Bullet Dodged: Statutory Damages Are Safe, for Now

Bullet Dodged: Statutory Damages Are Safe, for Now

By Leah Nicholls, Kazan-Budd Attorney

Consumers can breathe a sigh of relief—the Supreme Court has denied review of a case that could have destroyed the ability of consumers to obtain statutory damages from companies that break the law.

Statutory damages are an important tool for the enforcement of consumer and other laws. Under a law providing for statutory damages, a plaintiff is awarded a set monetary amount when the defendant breaks the law whether or not the plaintiff can prove that the illegal conduct caused the plaintiff quantifiable damages. Congress authorizes statutory damages when there is illegal conduct that should be deterred, but where monetary damage to the consumer is difficult or impossible to prove.

For example, under the Fair Debt Collection Practices Act, debt collectors who make harassing phone calls are on the hook for up to $1,000 whether or not the person on the receiving end of the phone calls can show that he or she suffered monetary, emotional, or other damages. Congress thought it was important to deter such phone calls and to compensate people subjected to illegal harassment.

As Congress also recognized, though, showing that a person suffered damages as a result of a harassing phone call, however real, could be tough, and so it provided for statutory damages. Statutory damages show up in a host of other federal laws, including the Truth in Lending Act, the Fair Credit Reporting Act, and the Cable Privacy Act.

Displeased with the ability of consumers to get statutory damages (and preferring to get away with illegal behavior without any financial penalty), corporations and their lawyers began arguing several years ago that plaintiffs suing for statutory damages lacked constitutional standing (legal right to sue) because they couldn’t show that they suffered an injury—even though Congress has said being subjected to illegal conduct is enough to hold corporations liable. This is an extremely radical position: No court had ever held that plaintiffs lack standing to sue when Congress has said they can.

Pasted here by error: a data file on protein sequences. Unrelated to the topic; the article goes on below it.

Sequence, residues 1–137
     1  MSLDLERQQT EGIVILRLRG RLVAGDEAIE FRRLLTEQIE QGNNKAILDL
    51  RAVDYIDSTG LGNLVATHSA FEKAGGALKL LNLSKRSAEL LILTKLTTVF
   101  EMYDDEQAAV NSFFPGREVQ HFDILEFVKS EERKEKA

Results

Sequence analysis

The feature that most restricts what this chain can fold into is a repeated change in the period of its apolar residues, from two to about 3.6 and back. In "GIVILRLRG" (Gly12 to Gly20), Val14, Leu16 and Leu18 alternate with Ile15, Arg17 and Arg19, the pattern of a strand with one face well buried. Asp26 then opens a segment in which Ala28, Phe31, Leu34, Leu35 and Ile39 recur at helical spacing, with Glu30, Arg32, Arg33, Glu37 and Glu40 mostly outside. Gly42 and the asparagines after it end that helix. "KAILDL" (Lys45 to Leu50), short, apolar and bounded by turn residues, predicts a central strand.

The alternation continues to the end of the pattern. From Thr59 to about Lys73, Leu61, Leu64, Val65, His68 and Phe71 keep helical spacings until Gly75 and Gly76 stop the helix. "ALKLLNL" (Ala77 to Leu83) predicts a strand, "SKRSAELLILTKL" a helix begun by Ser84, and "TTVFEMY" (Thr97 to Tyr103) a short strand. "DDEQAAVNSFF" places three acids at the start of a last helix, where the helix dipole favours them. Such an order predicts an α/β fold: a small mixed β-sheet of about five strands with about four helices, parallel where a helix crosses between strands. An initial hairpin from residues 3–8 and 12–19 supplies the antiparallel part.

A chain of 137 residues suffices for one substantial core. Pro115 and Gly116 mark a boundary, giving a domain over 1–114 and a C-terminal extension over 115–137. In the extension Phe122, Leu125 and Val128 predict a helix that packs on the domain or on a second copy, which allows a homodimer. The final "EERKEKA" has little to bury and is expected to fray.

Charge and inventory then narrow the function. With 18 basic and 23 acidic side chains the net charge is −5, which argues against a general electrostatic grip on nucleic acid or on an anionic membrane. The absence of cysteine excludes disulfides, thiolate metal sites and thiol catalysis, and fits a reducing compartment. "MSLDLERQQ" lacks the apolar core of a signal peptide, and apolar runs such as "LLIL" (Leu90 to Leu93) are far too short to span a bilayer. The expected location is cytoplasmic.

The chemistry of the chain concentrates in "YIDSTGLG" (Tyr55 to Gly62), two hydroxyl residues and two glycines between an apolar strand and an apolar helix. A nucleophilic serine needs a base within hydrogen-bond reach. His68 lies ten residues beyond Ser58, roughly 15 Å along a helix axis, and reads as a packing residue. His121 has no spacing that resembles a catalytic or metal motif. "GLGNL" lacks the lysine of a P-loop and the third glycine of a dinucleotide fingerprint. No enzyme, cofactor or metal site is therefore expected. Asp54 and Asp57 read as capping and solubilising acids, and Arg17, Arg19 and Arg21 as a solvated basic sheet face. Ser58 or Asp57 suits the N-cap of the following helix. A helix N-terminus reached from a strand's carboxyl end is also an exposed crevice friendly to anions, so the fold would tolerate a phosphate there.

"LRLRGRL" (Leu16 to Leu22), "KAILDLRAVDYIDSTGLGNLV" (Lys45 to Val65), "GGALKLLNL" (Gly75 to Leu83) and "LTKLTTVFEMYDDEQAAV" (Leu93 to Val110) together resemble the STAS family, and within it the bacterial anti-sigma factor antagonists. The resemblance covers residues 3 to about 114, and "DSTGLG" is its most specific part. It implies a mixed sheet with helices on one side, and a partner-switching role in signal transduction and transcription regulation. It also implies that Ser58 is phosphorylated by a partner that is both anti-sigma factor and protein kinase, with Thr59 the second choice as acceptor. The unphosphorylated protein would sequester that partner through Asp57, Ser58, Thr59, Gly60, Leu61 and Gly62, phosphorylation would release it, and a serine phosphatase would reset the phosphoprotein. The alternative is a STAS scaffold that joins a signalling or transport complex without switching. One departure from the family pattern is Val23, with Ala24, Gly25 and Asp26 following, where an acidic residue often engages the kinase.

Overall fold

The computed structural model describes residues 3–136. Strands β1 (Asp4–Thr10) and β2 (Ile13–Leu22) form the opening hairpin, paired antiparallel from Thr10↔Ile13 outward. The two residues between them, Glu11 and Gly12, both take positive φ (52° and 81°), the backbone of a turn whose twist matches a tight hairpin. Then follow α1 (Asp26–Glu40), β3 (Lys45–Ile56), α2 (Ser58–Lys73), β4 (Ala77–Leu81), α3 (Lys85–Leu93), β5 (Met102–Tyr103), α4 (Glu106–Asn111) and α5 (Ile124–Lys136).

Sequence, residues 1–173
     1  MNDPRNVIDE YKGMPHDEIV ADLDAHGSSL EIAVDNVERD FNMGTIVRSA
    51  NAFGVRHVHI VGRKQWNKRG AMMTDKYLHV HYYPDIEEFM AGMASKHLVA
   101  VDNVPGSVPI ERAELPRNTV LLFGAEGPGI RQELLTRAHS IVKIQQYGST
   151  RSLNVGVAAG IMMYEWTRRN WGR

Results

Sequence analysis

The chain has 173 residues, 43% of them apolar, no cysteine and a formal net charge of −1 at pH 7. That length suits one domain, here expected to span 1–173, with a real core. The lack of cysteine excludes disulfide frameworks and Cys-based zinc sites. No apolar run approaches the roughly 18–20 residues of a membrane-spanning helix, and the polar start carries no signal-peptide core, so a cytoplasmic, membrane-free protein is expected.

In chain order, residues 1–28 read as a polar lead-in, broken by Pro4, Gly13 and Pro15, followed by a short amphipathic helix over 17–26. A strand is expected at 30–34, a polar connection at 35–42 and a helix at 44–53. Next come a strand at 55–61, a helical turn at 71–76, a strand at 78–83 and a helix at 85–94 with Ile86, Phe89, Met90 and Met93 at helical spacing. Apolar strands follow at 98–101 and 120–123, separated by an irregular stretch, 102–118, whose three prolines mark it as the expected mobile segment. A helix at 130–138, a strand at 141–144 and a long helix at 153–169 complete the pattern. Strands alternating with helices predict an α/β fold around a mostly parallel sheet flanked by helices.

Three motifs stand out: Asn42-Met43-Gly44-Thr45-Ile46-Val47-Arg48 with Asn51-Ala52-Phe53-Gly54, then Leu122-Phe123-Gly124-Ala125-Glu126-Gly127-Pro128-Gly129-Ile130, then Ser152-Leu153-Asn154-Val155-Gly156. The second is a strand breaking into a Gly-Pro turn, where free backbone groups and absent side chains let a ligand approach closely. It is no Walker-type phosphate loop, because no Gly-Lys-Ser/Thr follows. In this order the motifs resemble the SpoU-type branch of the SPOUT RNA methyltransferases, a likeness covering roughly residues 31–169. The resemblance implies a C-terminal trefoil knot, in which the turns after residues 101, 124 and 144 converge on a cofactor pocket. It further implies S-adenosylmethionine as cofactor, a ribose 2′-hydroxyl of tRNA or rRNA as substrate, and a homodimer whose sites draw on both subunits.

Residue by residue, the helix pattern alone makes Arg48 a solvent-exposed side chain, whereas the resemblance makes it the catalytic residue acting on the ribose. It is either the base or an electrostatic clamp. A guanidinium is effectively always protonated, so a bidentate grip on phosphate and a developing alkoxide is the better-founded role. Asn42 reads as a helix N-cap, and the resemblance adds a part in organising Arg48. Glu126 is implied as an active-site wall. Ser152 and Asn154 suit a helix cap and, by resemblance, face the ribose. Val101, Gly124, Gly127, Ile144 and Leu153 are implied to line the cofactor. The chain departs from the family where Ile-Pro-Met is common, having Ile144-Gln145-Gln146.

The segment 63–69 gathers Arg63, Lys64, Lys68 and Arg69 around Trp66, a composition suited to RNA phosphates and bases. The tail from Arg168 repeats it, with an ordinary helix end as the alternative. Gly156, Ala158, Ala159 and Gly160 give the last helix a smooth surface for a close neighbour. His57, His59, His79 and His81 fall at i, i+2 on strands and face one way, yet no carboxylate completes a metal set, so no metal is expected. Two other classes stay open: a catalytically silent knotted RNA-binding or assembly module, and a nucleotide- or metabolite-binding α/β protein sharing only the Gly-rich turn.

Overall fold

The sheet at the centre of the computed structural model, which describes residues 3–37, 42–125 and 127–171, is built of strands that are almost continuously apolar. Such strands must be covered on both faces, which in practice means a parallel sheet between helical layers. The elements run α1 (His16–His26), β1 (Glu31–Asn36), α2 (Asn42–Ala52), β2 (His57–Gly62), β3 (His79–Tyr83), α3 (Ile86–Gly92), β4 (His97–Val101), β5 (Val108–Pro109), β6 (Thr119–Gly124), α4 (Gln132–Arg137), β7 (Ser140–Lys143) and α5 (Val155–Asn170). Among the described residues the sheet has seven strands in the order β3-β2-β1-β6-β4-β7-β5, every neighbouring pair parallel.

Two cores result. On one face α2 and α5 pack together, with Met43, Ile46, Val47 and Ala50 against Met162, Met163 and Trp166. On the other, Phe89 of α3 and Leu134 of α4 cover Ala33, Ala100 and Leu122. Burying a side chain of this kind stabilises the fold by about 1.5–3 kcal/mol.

Fortunately, courts weren’t buying this argument, but consumer advocates collectively held their breaths when the Supreme Court granted review of a case called First American Financial v. Edwards in 2011. That case involved a claim for statutory damages under the Real Estate Settlement Procedures Act, which protects home buyers by prohibiting brokers from engaging in kickback schemes. The defendant argued that the plaintiff didn’t have standing because she couldn’t prove that her broker’s kickback scheme had made her home purchase more expensive. It was unclear how the Court would have decided that issue, but due to particularities of that case, the Court ended up reneging on its decision to hear the case.

Corporations have been looking for another vehicle to get this issue before the Court ever since, and they thought they had found one in Mutual First Federal Credit Union v. Charvat, a case involving statutory damages under the Electronic Funds Transfer Act. The plaintiff sought statutory damages because the bank had failed to comply with the Act’s required disclosures of ATM fees. Again, the bank argued that the plaintiff lacked standing even though the statute gave him the right to sue. Unsurprisingly, the bank’s petition for certiorari was supported by the corporation-friendly groups Chamber of Commerce, Washington Legal Foundation, and the Association of Credit and Collection Professionals—all arguing that no matter what Congress says counts as harm, plaintiffs cannot bring cases seeking statutory damages unless they can prove they would be entitled to monetary damages under traditional tort law, laws that enable people to sue when they are harmed.

If the Court would have granted review and sided with the bank in Charvat, consumers subject to illegal conduct by corporations could not bring suit unless they could prove they were quantifiably injured by the illegal conduct. Such a decision would have decimated the enforcement mechanisms in a slew of federal consumer-protection laws, and corporations could assume that they could act illegally with impunity.

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